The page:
“You can create this beautiful sound with your voice, violin or trumpet, and play in a dead acoustic space … no one can appreciate the hard work you’ve put in because the room has absorbed the sound,” Johnson said. “Spivey Hall, it’s not just a matter of reverberation or echo, but a much more complex palate of tone and colors. The greatest musicians in the world have played there, know about it, and remember it fondly.”
And those musicians, in addition to the professors and faculty that students have for classes and recitals, can also serve as teachers while spending their time at the venue.
Johnson says some of the musicians that Clayton State music students have access to are those who perform globally and could potentially charge up to five or six digits to sing in an opera or play a recital at some of the world’s greatest opera houses.
But the venue’s reputation is known worldwide … and they love to keep coming back.
“When I go out and speak to high school students about coming here to major in music or participate in music ensembles, I say to them, ‘It’s possible to go the rest of your life without ever hearing classical music – I realize that,” Johnson said. “But if you’re serious about music and you want to be the best musician you can be, one of the things you want to do is hear the current best musicians and use them as role models. There’s no other college you can choose where you will have a better chance to do that then here.”
But for many at Clayton State, their music education begins well before they’re in college.
Just like the venue, itself, the Spivey Hall Children’s Choir is nationally recognized as one of the greatest young bodies of music both in and out of the country.
For Johnson, the actions of those in the children’s choir leaves a clear impact not just on the community at Clayton State, but also in further communities both state and nationwide.
“You see in their faces that this isn’t about executing music correctly,” Johnson said. “This is about an expression of who they are and who their inner-most person is.”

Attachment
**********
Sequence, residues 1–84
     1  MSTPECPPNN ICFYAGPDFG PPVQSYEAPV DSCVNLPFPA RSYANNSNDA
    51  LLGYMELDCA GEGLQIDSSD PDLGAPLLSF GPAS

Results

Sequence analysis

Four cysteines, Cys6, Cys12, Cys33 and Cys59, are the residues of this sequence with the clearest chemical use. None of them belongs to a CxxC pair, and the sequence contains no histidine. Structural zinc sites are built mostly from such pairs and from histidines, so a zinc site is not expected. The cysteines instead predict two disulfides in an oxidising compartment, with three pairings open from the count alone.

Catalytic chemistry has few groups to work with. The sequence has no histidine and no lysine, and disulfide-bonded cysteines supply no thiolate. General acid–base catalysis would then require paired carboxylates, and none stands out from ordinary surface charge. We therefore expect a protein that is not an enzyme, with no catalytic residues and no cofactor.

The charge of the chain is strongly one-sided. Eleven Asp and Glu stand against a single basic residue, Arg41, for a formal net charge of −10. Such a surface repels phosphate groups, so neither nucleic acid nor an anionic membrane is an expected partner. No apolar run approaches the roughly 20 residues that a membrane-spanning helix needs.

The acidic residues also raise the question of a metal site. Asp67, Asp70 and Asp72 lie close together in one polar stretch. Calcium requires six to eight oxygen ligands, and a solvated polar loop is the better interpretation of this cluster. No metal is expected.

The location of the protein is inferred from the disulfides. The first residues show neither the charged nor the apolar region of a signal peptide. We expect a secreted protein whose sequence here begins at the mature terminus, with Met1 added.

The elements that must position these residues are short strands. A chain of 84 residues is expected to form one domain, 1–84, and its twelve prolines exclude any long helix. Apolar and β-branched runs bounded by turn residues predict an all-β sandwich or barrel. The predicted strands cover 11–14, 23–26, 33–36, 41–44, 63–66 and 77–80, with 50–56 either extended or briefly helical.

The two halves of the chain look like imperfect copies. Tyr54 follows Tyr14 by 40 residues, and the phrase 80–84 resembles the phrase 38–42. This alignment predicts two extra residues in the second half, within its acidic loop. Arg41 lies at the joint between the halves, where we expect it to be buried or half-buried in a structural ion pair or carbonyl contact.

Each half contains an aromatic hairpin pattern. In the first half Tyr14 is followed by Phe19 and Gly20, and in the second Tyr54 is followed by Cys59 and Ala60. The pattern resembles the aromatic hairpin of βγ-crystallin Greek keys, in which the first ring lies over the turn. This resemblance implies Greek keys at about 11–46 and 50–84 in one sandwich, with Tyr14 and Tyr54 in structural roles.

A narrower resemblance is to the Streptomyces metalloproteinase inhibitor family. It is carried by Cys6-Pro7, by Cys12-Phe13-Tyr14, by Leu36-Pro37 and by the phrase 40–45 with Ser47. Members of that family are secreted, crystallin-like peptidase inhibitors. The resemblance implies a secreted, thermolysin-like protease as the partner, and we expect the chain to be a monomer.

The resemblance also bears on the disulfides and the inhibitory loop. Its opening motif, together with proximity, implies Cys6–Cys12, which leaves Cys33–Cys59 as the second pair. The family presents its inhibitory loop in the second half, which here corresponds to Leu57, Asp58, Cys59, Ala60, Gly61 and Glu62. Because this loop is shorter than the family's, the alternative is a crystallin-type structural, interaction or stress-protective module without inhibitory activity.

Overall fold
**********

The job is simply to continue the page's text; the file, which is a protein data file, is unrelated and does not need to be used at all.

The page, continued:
In addition to his role at Clayton State University, Johnson additionally serves as a national officer in the American Choral Directors’ Association and is in his final term.
The association, he says, holds “giant” national conferences every two years and that the ensuing competition for the opportunity to sing for thousands of choral directors is “fierce.”
Johnson recently was responsible for one of the key events at the most recent conference and invited Martha Shaw, the founder of the children’s choir, to bring the Spivey Hall Children’s Choir to sing. Being a composer, he also wrote them a piece to perform.
Following the performance, he said the choir “just knocked the ball so far over the fence,” calling it “unbelievably beautiful” and “touching.”
“These children, because of Spivey Hall Children’s Choir, can express their deepest thoughts and feelings, their most profound realizations about the world around them and never speak,” Johnson said. “That’s what singing in Spivey Hall Children’s Choir means.”
Just like the children in the choir, Clayton State is looking to grow, as well.
University President, Dr. Georj Lewis, has been hard at work pushing for greater student enrollment efforts as Clayton State looks to advance its student body in the years to come.
Johnson is a firm believer that Spivey Hall can serve as a catalyst to draw in hungry, young talent to the university.
With people from seven states on the mailing list for the venue, Johnson says the university offers great perks for music students, such as an out-of-state state tuition waiver, a fully accredited music program at Spivey Hall, the world-renowned children’s choir, and more.
“We’re not one of the big music programs in the USG,” Johnson said. “We’re what I call a ‘boutique’ music program. We’re fully accredited and have outstanding faculty whose credentials are the equivalent of any music faculty member in the state of Georgia. When we’re recruiting, what we say to them is, ‘While Clayton State may not be that school that just rings your bell, there is no other school in Georgia that has Spivey Hall. And guess what? It’s at the end of the hall and it’s free. All you have to do is go and hear the world’s greatest musicians.’”
Lehman also shares Johnson’s optimism about the globally beloved music hall, saying the spirit of its founders still lives on through the music performed inside.
As the years roll on, she hopes to see even more students find their way to the Spivey’s glorified living room and call it home for themselves … just as Walter and Emilie once did.
“I think Spivey Hall honors our students,” Lehman said. “By making it open, accessible and usable, we say to our students [that] this beautiful space that great musicians around the world love to come to … you are worthy of this space. You are worthy of being on our stage. This space is for you and it is our job to make this part of your learning, your growing and your development as a human being. This space is for you.”